The $10,000 of insurance didn't seem like much. It's pretty easy to have a $5,000 to $7,000 limit on one credit card, and much more in a savings account and mortgage. Attorney fees could easily eat up a large portion of the $10,000 guarantee.
Let’s assume for the moment that the $10,000 guarantee amount is enough coverage. There’s more to consider. The reimbursements are subject to more conditions. To get reimbursed, a consumer must also meet all of the following items:
- Review your credit reports in a timely manner and report fraudulent items
- File a police report within 10 days after first learning of identity theft or fraud (or after Experian notification)
- Contact Experian’s Fraud Resolution Department within 10 days after first learning of identity theft or fraud (or after Experian notification)
- Place a Fraud Alert with all 3 credit bureaus within 10 days after first learning of identity theft or fraud (or after Experian notification)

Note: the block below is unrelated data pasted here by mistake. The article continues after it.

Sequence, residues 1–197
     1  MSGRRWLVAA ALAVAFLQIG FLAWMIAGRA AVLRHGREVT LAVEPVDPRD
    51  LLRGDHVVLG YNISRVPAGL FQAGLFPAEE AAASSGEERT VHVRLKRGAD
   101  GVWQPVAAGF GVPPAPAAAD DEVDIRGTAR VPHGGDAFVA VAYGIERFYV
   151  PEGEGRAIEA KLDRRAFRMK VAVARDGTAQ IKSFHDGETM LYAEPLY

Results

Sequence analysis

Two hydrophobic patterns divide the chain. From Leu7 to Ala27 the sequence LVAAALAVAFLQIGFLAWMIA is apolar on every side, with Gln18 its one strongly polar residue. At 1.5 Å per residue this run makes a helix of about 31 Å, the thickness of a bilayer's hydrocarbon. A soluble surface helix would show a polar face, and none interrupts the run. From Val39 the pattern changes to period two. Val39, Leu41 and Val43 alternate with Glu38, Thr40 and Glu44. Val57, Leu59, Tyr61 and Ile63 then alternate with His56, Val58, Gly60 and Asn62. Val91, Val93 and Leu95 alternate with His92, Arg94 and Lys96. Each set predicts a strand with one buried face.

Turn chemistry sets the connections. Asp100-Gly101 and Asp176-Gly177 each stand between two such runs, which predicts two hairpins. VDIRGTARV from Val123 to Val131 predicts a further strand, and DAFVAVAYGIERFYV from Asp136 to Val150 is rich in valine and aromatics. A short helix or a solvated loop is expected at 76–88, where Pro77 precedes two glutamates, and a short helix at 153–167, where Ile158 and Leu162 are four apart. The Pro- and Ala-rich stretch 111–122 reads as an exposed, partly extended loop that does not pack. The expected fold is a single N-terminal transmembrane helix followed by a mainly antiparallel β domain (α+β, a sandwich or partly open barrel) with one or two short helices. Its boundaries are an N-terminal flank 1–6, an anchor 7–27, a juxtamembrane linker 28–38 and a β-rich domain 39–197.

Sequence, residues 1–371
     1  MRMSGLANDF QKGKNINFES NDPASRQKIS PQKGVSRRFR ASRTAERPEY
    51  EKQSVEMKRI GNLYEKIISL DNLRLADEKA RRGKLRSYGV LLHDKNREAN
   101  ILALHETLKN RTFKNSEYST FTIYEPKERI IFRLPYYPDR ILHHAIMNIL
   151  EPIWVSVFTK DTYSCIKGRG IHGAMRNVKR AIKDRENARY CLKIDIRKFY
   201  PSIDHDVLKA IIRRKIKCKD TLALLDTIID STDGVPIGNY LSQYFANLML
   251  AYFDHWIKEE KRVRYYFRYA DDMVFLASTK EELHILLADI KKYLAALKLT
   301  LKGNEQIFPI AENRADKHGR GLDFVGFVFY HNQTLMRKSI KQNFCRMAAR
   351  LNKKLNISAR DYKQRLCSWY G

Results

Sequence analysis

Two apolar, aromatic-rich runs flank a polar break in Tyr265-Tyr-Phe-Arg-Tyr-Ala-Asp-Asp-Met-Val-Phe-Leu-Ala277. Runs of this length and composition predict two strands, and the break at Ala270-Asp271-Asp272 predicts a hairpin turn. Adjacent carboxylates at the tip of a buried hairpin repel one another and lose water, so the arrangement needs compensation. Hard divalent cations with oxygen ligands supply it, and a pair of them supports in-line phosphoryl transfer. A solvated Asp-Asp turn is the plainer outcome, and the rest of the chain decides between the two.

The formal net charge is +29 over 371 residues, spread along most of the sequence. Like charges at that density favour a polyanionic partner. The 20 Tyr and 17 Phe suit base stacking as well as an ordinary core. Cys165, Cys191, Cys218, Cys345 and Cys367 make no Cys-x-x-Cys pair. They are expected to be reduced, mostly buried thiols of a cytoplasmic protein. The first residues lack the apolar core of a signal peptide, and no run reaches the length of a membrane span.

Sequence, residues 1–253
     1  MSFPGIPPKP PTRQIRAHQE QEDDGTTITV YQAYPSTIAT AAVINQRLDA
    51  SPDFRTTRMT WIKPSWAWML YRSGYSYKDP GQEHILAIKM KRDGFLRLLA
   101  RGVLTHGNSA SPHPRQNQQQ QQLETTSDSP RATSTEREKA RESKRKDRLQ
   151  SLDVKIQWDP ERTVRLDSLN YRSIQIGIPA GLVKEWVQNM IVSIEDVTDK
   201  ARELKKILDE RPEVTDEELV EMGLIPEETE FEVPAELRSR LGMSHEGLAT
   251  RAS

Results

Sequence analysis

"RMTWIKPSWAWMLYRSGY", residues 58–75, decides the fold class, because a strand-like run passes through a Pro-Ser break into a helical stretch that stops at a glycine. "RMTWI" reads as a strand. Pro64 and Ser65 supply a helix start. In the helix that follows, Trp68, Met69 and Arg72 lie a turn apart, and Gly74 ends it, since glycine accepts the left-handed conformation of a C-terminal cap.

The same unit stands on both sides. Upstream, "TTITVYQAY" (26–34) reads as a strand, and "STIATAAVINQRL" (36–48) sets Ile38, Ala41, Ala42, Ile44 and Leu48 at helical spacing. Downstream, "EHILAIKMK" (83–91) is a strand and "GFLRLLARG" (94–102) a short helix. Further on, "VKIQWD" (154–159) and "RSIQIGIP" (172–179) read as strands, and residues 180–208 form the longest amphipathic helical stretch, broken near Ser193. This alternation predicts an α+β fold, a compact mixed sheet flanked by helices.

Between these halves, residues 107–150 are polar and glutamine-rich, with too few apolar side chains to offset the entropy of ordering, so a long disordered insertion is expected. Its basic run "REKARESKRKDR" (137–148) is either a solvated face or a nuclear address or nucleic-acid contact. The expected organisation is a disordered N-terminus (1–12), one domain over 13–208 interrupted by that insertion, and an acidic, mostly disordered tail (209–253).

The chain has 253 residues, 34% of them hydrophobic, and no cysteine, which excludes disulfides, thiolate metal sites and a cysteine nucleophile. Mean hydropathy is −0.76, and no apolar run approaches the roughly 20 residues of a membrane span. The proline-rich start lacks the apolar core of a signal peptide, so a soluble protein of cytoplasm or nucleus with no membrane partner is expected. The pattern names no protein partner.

- Work with Experian’s Fraud Resolution Department to pursue any and all sources of reimbursement and submit any receipts and documentation. I must assign Experian rights (Power of Attorney?) to work on my behalf for reimbursements. And I must give back to Experian any reimbursements if I receive funds from another source (e.g., bank, credit card issuers, other insurance, etc.)
- Honestly inform Experian or pay back any reimbursements to them if they find that I misrepresented something
Obviously, any consumer uncomfortable with these 6 conditions should not sign an agreement with Experian Triple Alert. More importantly, $10,000 guarantee doesn’t provide much coverage. It seems easy to exceed that amount. Think of it this way: when you insure your home, you insure all of it, not part of it. The same applies to credit monitoring insurance or guarantees. If an identity thief steals all of my bank and financial accounts, I want insurance that covers everything. Not part of it. Moreover, residents of New York can't get coverage with Experian Triple Alert.